After receiving his doctorate in music from Harvard, Georgetown native Ellsworth Peterson realized his dream of coming home and building a career that has enriched the lives of students, residents and visitors through music.
His many contributions to the arts were acknowledged by a mayoral proclamation naming Jan. 24 as Ellsworth Peterson Day. The recognition took place at the beginning of the Jan. 24 City Council meeting.
“I don’t think there is anyone as influential as Ellsworth Peterson in terms of the arts and culture scene in Georgetown,” Library Services Director Eric Lashley said. “Georgetown is fortunate that Ellsworth continued to contribute to arts and culture well after he retired from Southwestern University. This recognition is well deserved.”
Peterson, who was born Nov. 22, 1933, attended Georgetown schools where he was taught by well-known first grade teacher Annie Purl before attending Southwestern University.
“After a two-year period of military service—I played oboe in the Eighth Army Band in Korea—I attended Union Theological Seminary in New York, where I received a master’s degree in sacred music, and Harvard University, where I received my doctorate,” Peterson said.
He returned to Georgetown in 1965 as the Margaret Root Brown Professor of Fine Arts at Southwestern University, where he taught for 37 years. He has also served as an organist for Georgetown’s First United Methodist Church and university organist at Southwestern.
Peterson smiles when he is asked about changes in Georgetown’s arts scene over his lifetime.
“Things have changed in Georgetown,” he said. “The coming of Sun City has brought more people with time to help in the arts, and just the way the town has grown overall means we can do so much more now.”
Peterson has been organizing public arts events in Georgetown since 1982, including five Brown Symposia at Southwestern University focusing on the works of Mahler, Britten, Shostakovich and Messiaen as well as the arts and culture of Thailand.
Peterson also established a program at Southwestern that brought music professors from Thailand to teach students to play Thai Classical music.
Peterson traveled to Thailand seven times, teaching Western music to students in the Thai language. His facility with the Thai language led to some translation work in addition to including Thai music in the SU curriculum.
“Hearing our SU students playing Thai instruments was one of the highlights of my career,” he said.
Peterson retired from Southwestern in 2002.
“Ellsworth Peterson is one of the most significant members of our arts and culture community in Georgetown,” said Laura Sewell, Sarofim School of Fine Arts Administration manager at Southwestern University, and member of the City of Georgetown Arts & Culture Board. “It seems that Ellsworth’s constant motivator is how to give Georgetown the very best in culture through music. In so many ways his life is about how to make us all better as a community and we cannot be more grateful for his dedication to Georgetown and all of us.”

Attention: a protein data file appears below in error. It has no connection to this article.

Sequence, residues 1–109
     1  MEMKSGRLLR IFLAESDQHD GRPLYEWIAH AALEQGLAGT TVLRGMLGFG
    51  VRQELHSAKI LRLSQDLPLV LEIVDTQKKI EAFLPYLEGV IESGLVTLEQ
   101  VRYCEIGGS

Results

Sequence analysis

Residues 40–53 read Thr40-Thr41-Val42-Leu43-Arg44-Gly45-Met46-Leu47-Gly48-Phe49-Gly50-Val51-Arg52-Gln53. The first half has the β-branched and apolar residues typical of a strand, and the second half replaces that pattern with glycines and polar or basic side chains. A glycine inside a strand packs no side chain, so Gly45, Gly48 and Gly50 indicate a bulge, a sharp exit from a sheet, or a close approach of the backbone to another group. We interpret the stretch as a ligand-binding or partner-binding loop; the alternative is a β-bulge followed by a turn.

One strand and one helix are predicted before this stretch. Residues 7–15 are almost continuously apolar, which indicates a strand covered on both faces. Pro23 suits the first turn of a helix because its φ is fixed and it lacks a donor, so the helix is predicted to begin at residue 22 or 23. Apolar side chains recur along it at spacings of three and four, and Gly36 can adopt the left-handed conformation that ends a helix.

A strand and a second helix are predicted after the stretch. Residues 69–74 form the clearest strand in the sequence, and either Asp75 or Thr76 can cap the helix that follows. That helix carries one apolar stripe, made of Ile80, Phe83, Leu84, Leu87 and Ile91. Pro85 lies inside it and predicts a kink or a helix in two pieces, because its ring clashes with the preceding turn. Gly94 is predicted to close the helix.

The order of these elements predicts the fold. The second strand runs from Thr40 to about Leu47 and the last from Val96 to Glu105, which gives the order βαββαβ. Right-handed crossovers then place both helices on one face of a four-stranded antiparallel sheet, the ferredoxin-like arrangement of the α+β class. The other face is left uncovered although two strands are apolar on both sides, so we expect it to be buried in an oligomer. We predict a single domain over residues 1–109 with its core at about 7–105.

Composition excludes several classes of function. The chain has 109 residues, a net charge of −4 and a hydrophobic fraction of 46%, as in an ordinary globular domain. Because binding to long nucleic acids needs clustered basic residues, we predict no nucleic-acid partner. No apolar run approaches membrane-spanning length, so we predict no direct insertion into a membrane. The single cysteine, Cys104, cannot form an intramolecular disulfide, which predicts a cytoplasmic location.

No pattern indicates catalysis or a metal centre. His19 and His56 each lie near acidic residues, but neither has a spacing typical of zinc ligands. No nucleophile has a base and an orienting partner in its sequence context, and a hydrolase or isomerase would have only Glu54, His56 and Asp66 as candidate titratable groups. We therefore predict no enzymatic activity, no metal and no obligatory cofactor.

After retiring from Southwestern, Peterson worked to create the annual Georgetown Festival of the Arts, which arose from conversations with colleagues over coffee at Cianfrani Coffee Co. about ways to bring people who love classical music together.
He has now served as artistic director of thirteen festivals each of which focused on a major composer or group of composers. Each festival includes multiple concerts and lectures in various locations throughout Georgetown, including a free community concert in San Gabriel Park that is followed by a fireworks show.
“I’ve enjoyed being involved with the festival over the years very much,” Peterson said. “One of the biggest thrills of all was seeing student musicians from Georgetown High School and East View High School performing Tchaikovsky’s ‘1812 Overture’ with Round Rock Symphony Orchestra musicians during the 2013 concert in the park.”
He said he stays in touch with several former high school students, many of whom have gone on to become professional musicians.
In addition to continuing work with the festival, Peterson is teaching a Senior University class this spring about the composers featured in this year’s festival Great Britons, which will focus on three British composers. He also writes the program notes for Georgetown Symphony Society concert programs.
“I love teaching, and this gives me the opportunity to do that,” he said. “I enjoy doing research and having the opportunity to meet people and really try to give people with an interest in classical music these opportunities.”
Peterson has been the recipient of several awards, including the 2009 Community Arts Leadership Award presented by the Performing Arts Alliance of Georgetown, the 2010 Martha Diaz Hurtado College Town Award presented by Southwestern University and the Georgetown Chamber of Commerce and of the 2010 Future Trails Award presented by the Chisholm Trail Communities Foundation.